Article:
Marx & Rousseau



This is my second essay for the MOOC course on Modernism. The title is: Compare the role of historical progress in the ideas of Marx and Rousseau. Comments welcome.


Few thinkers can claim to encapsulate the idea of historical progress as much as Karl Marx, and Rousseau too envisaged a Utopian society; in other words, they both believed in the Enlightenment dictum of progress. However, as Rousseau was also a proto-Romantic, he was also interested in an individual’s subjective life. In the remainder of this essay, I intend to tease out these similarities and differences.

Marx based his dialectical materialism on Hegel’s idea of change and progress. He said that when a thesis was challenged by an antithesis, as a result of the consequent conflicts a synthesis came about which was a new creation. Marx interpreted this in terms of the proletariat rising up against the bourgeoisie and forming a socialist nation. In his Introduction to the Penguin edition of The Communist Manifesto, AJP Taylor writes:

This synthesis was socialism, an ideal society or Utopia where everyone would be happy without conflict for ever more.

Whether Marx would have really believed in the last part of that quote is perhaps questionable, and I’m sure AJP Taylor was being ironic!

Marx was true to the Enlightenment emphasis on progress. He applauded the ideals of the French Revolution; after all, it had succeeded in replacing the Divine Right of Monarchy with the rights of man in the famous trio of Liberty, Equality and Fraternity! Blanqui said that ‘it takes twenty-four hours to make a revolution.’ Marx, however, knew that a new political order takes much longer. AJP Taylor points out that the post-war Labour government in 1945, in Britain, came to power by a popular vote and ‘did what the people wanted’ (this is a good example of Rousseau’s ‘common will’) and therefore was nearer to the Marxist ideal than the French Republic after the revolution.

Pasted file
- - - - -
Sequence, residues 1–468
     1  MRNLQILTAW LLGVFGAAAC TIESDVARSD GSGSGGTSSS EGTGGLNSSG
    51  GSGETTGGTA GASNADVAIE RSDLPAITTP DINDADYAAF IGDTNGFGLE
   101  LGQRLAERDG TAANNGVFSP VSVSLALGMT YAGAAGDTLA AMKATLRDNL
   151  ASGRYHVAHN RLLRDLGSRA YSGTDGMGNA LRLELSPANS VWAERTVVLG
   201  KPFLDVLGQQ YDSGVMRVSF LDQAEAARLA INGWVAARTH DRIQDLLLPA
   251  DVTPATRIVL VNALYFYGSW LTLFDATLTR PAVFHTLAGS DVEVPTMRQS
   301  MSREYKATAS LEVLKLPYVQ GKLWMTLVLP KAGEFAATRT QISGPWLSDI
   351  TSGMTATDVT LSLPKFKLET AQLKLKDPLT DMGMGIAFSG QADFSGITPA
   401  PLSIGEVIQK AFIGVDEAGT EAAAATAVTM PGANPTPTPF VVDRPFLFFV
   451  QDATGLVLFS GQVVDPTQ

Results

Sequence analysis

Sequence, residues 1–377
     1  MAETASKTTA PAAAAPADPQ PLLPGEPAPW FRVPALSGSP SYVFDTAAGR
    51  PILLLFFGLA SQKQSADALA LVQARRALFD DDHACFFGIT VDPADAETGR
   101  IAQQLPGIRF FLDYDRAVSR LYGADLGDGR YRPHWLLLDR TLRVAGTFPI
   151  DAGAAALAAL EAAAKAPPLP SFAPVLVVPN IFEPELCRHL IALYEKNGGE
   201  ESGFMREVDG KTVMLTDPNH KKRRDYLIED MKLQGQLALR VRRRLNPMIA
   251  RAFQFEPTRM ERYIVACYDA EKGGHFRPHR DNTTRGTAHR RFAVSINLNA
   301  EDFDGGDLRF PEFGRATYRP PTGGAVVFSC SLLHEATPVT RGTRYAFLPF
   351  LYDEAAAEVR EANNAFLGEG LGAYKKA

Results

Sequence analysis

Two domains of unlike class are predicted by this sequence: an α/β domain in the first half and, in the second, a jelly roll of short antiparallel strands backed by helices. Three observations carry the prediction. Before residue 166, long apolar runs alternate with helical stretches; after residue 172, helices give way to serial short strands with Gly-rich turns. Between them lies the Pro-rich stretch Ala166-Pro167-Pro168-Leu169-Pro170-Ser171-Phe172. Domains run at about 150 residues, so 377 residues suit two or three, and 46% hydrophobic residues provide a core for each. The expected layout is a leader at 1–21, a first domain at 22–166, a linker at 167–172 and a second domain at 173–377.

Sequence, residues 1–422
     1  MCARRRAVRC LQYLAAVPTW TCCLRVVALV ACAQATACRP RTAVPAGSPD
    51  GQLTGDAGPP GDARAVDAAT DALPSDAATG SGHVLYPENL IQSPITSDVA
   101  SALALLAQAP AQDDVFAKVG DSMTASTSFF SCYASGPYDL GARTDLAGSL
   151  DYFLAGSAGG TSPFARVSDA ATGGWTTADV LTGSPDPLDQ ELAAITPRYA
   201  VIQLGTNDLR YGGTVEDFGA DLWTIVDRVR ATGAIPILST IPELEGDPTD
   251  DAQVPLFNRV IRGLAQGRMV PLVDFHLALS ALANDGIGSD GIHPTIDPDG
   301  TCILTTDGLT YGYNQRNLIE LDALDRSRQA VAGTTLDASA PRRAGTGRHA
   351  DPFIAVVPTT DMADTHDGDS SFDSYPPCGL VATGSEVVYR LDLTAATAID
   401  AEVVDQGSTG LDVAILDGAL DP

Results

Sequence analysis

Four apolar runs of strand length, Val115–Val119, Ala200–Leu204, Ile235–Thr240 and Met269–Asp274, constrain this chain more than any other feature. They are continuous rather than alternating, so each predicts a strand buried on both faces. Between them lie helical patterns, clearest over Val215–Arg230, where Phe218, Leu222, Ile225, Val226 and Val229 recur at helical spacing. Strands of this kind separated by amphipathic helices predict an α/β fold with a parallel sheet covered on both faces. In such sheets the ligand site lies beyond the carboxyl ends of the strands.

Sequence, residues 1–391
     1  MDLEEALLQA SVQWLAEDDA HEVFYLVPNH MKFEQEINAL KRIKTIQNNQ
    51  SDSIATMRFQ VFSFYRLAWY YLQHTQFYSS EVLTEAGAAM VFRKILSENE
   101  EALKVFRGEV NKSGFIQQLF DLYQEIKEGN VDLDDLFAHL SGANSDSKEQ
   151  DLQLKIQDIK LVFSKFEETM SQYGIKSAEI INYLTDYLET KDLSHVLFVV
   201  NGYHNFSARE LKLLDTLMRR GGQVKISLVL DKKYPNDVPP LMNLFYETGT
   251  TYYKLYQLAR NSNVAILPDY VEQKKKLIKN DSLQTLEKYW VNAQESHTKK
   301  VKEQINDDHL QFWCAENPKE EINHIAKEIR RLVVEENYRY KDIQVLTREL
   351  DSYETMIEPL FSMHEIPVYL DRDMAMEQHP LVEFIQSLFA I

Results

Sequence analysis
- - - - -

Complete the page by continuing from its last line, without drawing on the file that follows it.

Marx famously begins the Manifesto with: ‘the history of all hitherto existing society is the history of class struggles. . . oppressor and oppressed stood in constant opposition to one another.’ In 1848 the Industrial Revolution was embryonic; the railways still had to expand in Britain and Europe for example. Nevertheless, Marx saw the already established factory system as dehumanising:

Modern bourgeois society with its relations of production, of exchange and of property, a society that has conjured up such gigantic means of production and of exchange, is like the sorcerer who is no longer able to control the powers of the nether world he has called up [. ]

These labourers who must sell themselves piecemeal, are a commodity, like every other article of commerce, and are consequently exposed to the vicissitudes of competition, to all the fluctuations of the market.

Where Marx and Rousseau agree is when Marx talks of the worker (proletariat) being alienated from his true self, able only to sell his labour in competition with others. In Rousseau’s view, this has come about through the increased complexity of society and by false values over-riding the ‘natural state’ of humanity. Marx sees it as a consequence of economics and the exploitation of the proletariat by the capitalist bosses. Marx is embedded in historicism; his aims and analysis can be summed up in one paragraph:

The immediate aim of the Communists is the same as that of all other proletarian parties: formation of the proletariat into a class, overthrow of the bourgeois supremacy, conquest of political power by the proletariat.

Now, let us consider Rousseau both as a political philosopher and as a typical Romantic.

Rousseau’s ‘social contract’ has many antecedents going back to Ancient Greece; think of Plato’s Republic for example. If by historical progress’ we mean belief in the creation of a better society, then Rousseau’s The Social Contract is a seminal work of propaganda. In what is regarded as his major work, he argues in great detail how a state should represent the interests of its people. However, Rousseau was really two personalities! He was the political thinker and the Romantic ‘outsider.’ I will outline what I mean in the remainder of the essay.